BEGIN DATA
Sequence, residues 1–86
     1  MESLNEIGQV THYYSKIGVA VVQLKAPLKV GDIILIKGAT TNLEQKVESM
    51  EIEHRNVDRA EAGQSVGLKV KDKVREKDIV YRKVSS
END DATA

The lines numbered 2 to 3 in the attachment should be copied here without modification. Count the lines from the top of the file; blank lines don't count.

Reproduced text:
     1  MESLNEIGQV THYYSKIGVA VVQLKAPLKV GDIILIKGAT TNLEQKVESM
    51  EIEHRNVDRA EAGQSVGLKV KDKVREKDIV YRKVSS